Rings of frozen cranberries and ornaments of seeds and peanut butter were being hung with care on a small evergreen tree, but the holiday being celebrated didn’t involve Santa Claus.
Instead, the group of about 20 children and their parents were at The Arboretum on Alumni Drive on Sunday to learn about Tuesday’s winter solstice, the shortest day of the year in terms of daylight.
Coordinator Emma Trester-Wilson explained to the kids, ranging in age from about 2 to 10, that birds will eat the decorations.
“The birds don’t have as much food in the winter, and fat has the most calories that birds can eat, so this is going to keep our birds warm all year long,” Trester-Wilson said.
Other activities included making binoculars from string and cardboard tubes, and tracing shadows in chalk to learn how the sun changes them as the day goes on.
Outside, 3-year-old Anika started to trace her father, Ketu Vagdiya, in chalk before the novelty wore off.
“Papa, this is you,” Anika said, pointing to the drawing, which was mostly his head and shoulders. “This is your balloon.”
Vagdiya said his daughters love nature. He pointed to a group of large tree stumps yards away that they love to play on, especially during the summer.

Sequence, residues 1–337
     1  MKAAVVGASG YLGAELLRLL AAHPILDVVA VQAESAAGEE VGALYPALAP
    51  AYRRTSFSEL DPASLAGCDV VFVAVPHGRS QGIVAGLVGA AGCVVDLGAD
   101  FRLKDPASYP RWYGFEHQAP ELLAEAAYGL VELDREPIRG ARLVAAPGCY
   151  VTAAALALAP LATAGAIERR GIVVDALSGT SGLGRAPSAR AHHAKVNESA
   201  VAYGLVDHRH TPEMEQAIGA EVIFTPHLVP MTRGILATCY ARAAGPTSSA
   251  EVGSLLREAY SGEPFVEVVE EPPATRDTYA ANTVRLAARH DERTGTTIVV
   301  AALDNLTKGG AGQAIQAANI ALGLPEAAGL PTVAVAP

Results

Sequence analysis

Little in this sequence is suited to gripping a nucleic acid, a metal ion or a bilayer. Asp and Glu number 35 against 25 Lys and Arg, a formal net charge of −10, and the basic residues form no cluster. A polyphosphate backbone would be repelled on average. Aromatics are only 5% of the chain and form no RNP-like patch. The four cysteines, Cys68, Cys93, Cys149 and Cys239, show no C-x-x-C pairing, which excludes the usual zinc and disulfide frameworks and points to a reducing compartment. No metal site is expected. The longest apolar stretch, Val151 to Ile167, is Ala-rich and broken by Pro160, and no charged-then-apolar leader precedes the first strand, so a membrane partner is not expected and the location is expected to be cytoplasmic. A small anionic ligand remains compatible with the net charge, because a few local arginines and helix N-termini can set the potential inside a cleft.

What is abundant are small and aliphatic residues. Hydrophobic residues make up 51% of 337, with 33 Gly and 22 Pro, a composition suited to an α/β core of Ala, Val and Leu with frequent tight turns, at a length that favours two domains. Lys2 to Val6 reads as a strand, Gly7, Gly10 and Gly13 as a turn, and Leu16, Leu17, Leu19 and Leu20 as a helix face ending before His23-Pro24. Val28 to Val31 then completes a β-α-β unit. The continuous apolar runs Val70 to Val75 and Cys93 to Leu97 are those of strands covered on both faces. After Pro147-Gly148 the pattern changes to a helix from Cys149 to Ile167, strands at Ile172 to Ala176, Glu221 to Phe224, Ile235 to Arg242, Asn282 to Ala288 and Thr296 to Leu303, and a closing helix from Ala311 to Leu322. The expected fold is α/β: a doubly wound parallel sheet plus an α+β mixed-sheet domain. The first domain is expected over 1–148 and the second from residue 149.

“The Arboretum is a fabulous place,” he said.
Nearby, Lisa Conley was tracing the shadow of 7-year-old Abigail.
Conley said she’s been Abigail’s Big Sister in the Big Brothers Big Sisters program for about a month.
“It’s something seasonal and something outdoors with some fun learning opportunities,” Conley said of the event.
She said the pair go out together every week. Abigail’s favority outing was watching a ballet performance of The Lion, The Witch and the Wardrobe.
“There’s this other place I want to go,” Abigail said, telling Conley about an wooded area featuring “the Pilgrims and these people that lived there before” with houses and “brick walls that crashed down.”
“We still have a lot of adventures left to do, don’t we?” Conley said.